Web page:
Root able to stretch England’s advantage at Lord’s

Joe Root’s maiden Test double-century underpinned England’s highest total against Sri Lanka, but the hosts soon discovered there is unlikely to be any fast track to victory at Lord’s.

England's Joe Root is congratulated by James Anderson after scoring 200 not out against Sri Lanka at Lord's.

Root added another 98 runs on day two of the first Investec Test to finish 200 not out as England posted 575-9 declared, improving on their 551-6 against these opponents here eight years ago.

But after Sri Lanka replied with 140-1 at stumps, Kaushal Silva making an unbeaten 62 on a pitch offering little encouragement to any bowlers yet, England appeared to be engaged in a long haul to consolidate their advantage.

Sign up to our daily newsletter

The i newsletter cut through the noise

Root’s 298-ball innings lasted almost eight-and-a-half hours, contained 16 fours and came on the same ground as his previous-best 180 against Australia last year.

He first took guard at 74-3, with England still seeking a foothold at the start of their new Test era after last winter’s Ashes whitewash, and went on to share four stands in excess of 50.

The highest was for the sixth wicket with Matt Prior (86), which ended on 171 after a change of tactics from the Sri Lankans on another sunny morning.

Root was subseqently joined by free-scoring trio Chris Jordan, Stuart Broad and Liam Plunkett, then finally James Anderson in an unbroken last-wicket partnership which closed only when the 23-year-old Yorkshireman paddle-swept Rangana Herath for the two runs he still needed for his 200.

Shaminda Eranga had bounced out Prior and Jordan as England nonetheless passed the Test benchmark of 400 – something which had proved beyond them since March 2013, in Wellington. Prior had a largely uncomfortable experience, after Sri Lanka went short at both him and Root with an uncompromising leg-side field in place.

The aggressive approach, in keeping with captain Angelo Mathews’s pre-match promise, paid off after 45 minutes in which Prior could add only 10 runs.

He did go past 4,000 in Tests in the process, before Eranga –round the wicket, with six leg-side catchers – produced a delivery he could only fend into the hands of short-leg.

Prior’s departure brought England’s third debutant to the crease, and Jordan soon looked at home – off the mark against Eranga with an all-run four through vacant mid off and then up the wicket to time Herath wide of mid on for a boundary.

He hooked Eranga tantalisingly over the head of long leg and the next ball brought up that elusive 400 in style with a back-foot punch past point for another four.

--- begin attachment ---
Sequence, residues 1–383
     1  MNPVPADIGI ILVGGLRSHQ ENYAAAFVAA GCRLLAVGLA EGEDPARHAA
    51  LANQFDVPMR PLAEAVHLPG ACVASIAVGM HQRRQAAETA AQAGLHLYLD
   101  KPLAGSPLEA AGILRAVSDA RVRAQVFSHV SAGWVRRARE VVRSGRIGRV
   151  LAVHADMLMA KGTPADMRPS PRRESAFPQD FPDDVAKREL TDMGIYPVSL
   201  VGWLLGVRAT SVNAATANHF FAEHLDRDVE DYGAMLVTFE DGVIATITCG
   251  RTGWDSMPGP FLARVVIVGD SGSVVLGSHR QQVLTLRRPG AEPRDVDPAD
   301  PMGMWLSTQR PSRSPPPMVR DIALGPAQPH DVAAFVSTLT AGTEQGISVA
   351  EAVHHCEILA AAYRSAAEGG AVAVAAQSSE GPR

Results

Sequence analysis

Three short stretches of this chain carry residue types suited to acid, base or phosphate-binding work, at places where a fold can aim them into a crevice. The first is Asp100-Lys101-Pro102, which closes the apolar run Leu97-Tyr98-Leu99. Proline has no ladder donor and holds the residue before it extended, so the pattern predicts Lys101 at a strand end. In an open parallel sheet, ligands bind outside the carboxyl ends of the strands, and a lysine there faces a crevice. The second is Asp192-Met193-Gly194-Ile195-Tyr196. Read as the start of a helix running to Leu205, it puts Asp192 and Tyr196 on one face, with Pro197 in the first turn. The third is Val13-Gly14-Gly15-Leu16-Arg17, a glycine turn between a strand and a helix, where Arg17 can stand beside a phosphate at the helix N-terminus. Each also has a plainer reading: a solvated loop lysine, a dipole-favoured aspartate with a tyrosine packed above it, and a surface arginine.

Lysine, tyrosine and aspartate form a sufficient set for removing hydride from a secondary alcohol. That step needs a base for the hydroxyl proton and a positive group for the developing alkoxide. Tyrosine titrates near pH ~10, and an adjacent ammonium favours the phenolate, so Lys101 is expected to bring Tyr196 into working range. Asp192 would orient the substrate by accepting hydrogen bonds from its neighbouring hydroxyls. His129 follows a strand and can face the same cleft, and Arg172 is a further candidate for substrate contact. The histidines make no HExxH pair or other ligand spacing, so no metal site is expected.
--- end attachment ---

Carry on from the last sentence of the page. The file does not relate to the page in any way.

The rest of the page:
Eranga got his revenge in the same over, Jordan bailing out of another pull only to somehow loop a simple catch behind to Prasanna Jayawardene.

But Broad quickly joined in with a spree of five boundaries in nine balls – three in Nuwan Kulasekara’s first over of the day.

His carefree attack brought him 41 runs in the 50 stand and allowed Root to tick over at his own pace – until Broad holed out pulling Nuwan Pradeep (4-123) just before lunch.

Plunkett had an early escape, dropped at midwicket on only two off Pradeep, and Anderson also had a couple of scrapes – a tight lbw call and a missed chance at slip. But the tail did enough to help Root to his notable landmark.

If England did not already realise wickets would be hard-earned, seven overs with the new ball before tea gave them further insight.

Dimuth Karunaratne had two close calls.

He was given out initially lbw to Anderson on five, only for DRS to show the ball clearing leg stump. He then edged Broad at catchable height between second and third slip.

The opening stand with Silva reached 54 before first-change Jordan struck with only his third ball in Test cricket.

A full length outside off stump was the simple formula for Karunaratne’s edged drive behind, a regulation dismissal which hinted falsely that others might follow. They did not.

Kumar Sangakkara, in perhaps the final Lord’s appearance of his outstanding career, took advantage when Jordan welcomed him by twice over-pitching on to his pads.

Thereafter, the former Sri Lanka captain was in no-risk mode – and the nearest England came to disturbing his and Silva’s second-wicket partnership was when Broad momentarily thought he had the opener caught-behind on 39 only for the third umpire to rule the outside edge had not carried.

Instead, Silva had a half-century to his name by the close –reaching the milestone when he edged Anderson just short and then past second slip for his ninth four.